.where r = 0 implies no correlation, r = 1 perfect correlation, and = −1 perfect anti-correlation.
It is possible to perform this calculation for all pairs of voxels in the data set, resulting in over 200,000 comparisons. More frequently a "seed" is chosen (a predetermined voxel, cluster, or small anatomic region) and comparison made to similar seeds in the data set. A seed correlation matrix (shown left) may be constructed, where higher r-values reflect greater connectivity between paired regions. High-correlation areas can also be displayed as "blobs" overlaid on co-registered anatomic images.
The ICA algorithm begins by constructing a matrix (Y) of all the observed fMRI data. Each column of Y contains sequential time points for a single voxel; each row of Y is the fMRI signal at a certain time point for organized by space (all the voxels). After some pre-processing to normalize means and variances, Y is decomposed into the product of two matrices (T and S), where T is a matrix of time courses and S is a matrix of spatial components. The values in T and S are iteratively adjusted to determine a decomposition that maximizes statistical independence (typically between rows of S). The resultant independent component signals can then be color-coded and overlaid on an anatomic image (above).
Advanced Discussion (show/hide)»
Meaningful resting-state fMRI data lies in the frequency range of approximately 0.01 − 0.1 Hz. By comparison, respiratory fluctuations produce aliased signals in the range of 0.1 − 0.3 Hz, while cardiac pulsations produce signals in the range of 0.8 − 1.3 Hz. Thus physiological noise is a much greater problem for RS-fMRI than for task-based studies.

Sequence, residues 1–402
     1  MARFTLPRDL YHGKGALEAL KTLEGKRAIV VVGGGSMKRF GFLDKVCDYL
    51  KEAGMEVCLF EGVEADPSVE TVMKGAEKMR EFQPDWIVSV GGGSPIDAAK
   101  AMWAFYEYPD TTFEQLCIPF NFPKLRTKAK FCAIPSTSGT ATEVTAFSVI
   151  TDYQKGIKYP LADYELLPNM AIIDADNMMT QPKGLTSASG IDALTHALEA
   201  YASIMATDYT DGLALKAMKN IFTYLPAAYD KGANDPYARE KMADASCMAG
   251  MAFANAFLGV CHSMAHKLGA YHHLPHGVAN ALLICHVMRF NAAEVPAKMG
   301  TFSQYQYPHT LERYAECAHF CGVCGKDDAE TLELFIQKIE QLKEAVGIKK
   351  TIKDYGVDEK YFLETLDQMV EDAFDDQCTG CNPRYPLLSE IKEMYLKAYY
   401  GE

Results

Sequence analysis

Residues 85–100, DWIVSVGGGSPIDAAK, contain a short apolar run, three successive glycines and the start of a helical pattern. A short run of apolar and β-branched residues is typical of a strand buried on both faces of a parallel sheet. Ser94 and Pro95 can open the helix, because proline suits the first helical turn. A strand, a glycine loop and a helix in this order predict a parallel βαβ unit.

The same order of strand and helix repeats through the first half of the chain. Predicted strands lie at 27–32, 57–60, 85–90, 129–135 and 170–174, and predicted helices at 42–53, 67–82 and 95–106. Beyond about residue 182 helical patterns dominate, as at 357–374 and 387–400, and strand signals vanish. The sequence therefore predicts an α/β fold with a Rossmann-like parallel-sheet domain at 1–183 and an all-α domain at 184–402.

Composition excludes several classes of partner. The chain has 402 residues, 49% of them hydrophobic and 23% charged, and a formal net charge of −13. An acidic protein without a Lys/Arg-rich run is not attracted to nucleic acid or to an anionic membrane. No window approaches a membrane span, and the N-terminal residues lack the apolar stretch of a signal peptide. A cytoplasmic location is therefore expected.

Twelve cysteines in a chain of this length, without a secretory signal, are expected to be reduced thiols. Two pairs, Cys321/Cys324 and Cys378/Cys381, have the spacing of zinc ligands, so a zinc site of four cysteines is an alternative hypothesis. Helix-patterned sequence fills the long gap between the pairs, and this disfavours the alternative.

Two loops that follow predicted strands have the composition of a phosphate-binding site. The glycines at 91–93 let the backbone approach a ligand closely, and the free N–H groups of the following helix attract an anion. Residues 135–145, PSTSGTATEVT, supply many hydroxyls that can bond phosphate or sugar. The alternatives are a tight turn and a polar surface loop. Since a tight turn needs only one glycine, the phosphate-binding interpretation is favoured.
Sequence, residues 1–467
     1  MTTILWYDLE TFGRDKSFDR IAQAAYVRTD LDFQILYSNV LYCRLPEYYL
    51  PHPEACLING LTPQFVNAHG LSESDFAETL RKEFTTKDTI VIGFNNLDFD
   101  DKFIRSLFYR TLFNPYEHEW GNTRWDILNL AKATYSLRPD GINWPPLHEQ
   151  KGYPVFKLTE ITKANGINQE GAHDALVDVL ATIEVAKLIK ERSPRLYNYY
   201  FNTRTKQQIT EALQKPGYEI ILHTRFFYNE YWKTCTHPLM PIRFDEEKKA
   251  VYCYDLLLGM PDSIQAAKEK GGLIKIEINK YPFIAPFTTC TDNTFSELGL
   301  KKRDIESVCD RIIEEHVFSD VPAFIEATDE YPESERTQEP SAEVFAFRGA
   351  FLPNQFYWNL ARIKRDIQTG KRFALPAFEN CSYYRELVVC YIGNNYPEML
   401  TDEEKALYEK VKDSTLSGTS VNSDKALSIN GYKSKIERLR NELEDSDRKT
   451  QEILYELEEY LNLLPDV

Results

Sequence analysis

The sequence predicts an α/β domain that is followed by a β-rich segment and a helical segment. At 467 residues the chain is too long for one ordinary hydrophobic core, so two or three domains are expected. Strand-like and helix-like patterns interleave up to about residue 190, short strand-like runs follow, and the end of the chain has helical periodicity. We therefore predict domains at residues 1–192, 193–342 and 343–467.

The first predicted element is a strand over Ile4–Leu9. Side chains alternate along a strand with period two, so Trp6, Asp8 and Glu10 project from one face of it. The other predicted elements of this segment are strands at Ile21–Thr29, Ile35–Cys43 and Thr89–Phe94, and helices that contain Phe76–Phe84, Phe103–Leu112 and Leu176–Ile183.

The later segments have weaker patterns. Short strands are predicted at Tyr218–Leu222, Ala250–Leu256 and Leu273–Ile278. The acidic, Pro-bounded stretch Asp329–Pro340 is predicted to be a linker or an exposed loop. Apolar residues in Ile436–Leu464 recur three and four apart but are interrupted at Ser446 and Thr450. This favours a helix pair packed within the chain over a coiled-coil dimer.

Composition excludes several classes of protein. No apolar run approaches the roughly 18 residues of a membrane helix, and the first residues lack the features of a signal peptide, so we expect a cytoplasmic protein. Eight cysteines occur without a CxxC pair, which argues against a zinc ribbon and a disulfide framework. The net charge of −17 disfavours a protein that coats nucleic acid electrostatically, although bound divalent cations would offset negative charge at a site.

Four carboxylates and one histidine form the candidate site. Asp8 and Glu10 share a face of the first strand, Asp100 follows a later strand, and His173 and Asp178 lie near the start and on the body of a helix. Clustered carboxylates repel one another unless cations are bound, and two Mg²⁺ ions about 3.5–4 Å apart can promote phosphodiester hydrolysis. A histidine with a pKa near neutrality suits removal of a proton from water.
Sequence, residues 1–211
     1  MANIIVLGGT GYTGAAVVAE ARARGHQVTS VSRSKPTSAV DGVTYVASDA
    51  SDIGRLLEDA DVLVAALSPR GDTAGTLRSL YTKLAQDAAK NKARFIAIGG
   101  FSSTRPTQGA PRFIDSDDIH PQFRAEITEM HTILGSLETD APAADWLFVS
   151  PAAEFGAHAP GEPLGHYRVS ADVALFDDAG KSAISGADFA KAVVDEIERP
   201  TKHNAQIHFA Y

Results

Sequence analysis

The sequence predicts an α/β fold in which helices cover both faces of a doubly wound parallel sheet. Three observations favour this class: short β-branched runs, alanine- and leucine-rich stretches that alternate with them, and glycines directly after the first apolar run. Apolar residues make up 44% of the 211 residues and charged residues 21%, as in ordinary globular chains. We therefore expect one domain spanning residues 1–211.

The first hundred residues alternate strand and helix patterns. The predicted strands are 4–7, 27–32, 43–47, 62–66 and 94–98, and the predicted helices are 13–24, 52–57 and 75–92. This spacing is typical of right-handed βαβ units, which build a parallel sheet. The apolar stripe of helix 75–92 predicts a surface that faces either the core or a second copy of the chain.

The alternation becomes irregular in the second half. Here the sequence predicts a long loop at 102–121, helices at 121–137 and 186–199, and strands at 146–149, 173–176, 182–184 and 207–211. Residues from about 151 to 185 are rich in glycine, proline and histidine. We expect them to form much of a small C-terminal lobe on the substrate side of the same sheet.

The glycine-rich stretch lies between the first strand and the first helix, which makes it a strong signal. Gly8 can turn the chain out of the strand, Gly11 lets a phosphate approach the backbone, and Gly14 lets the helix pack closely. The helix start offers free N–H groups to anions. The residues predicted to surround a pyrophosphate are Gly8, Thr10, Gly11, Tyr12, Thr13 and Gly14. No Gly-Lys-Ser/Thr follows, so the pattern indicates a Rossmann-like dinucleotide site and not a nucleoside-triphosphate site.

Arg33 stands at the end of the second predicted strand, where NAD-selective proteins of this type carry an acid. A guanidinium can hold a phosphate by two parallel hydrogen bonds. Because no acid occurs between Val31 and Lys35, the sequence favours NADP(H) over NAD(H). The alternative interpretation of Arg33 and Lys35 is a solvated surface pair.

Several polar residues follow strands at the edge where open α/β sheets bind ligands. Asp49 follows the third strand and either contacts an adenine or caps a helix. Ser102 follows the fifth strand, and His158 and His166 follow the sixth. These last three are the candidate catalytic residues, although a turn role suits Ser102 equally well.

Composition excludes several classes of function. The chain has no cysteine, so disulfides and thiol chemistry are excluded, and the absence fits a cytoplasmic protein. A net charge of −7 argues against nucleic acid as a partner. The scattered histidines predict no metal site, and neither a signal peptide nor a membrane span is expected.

Barkhof F, Haller S, Rombout SARB. Resting-state functional MR imaging: a new window to the brain. Radiology 2014; 272:29-49. (good recent review)
Beckman CF. Modelling with independent components. NeuroImage 2012; 62: 891-901.
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Calhoun VD, Adali T, Hasen LK, et al. ICA of functional MRI data: an overview. 4th International Symposium on Independent Component Analysis and Blind Signal Separation, Nara, Japan, 2003:281-288.
Chen JE, Glover GH. Functional magnetic imaging methods. Neuropsychol Rev 2015; 25:289-313.
Hyvärinen A, Oja E. Independent component analysis: algorithms and applications. Neural Networks 2000; 13:411-413. (provides mathematical details of matrix decomposition and optimization for ICA)
Lee MH, Smyser CD, Shimony JS. Resting-state fMRI: a review of methods and clinical applications. AJNR Am J Neuroradiol 2013; 34:1866-72. (good recent review)
McKeown MJ, Makeig S, Brown GG, et al. Analysis of fMRI data by blind separation into independent spatial components. Hum Brain Mapping 1998; 6:160-188 (first use of ICA for fMRI data, actually a task-based experiment, not RS-fMRI)
Power JD, Schlaggar BL, Petersen SE. Studying brain organization via spontaneous fMRI signal. Neuron 2014; 84:681-696. (Good recent review)
Rosazza C, Minati L, Ghielmetti F, et al. Functional connectivity during resting-state functional MR imaging: study of the correspondence between independent component analysis and region-of-
interest-based methods. AJNR Am J Neuroradiol 2012; 33:180–87. (little difference between correlation and ICA methods for normal adults RS-fMRI analysis)
Van Dijk et al. Intrinsic functional connectivity as a tool for human connectomics: theory, properties, and optimization. J Neurophysiol. 2010; 103:297-321.
How do you statistically analyze fMRI data?
What is meant by resting state fMRI? How is it used?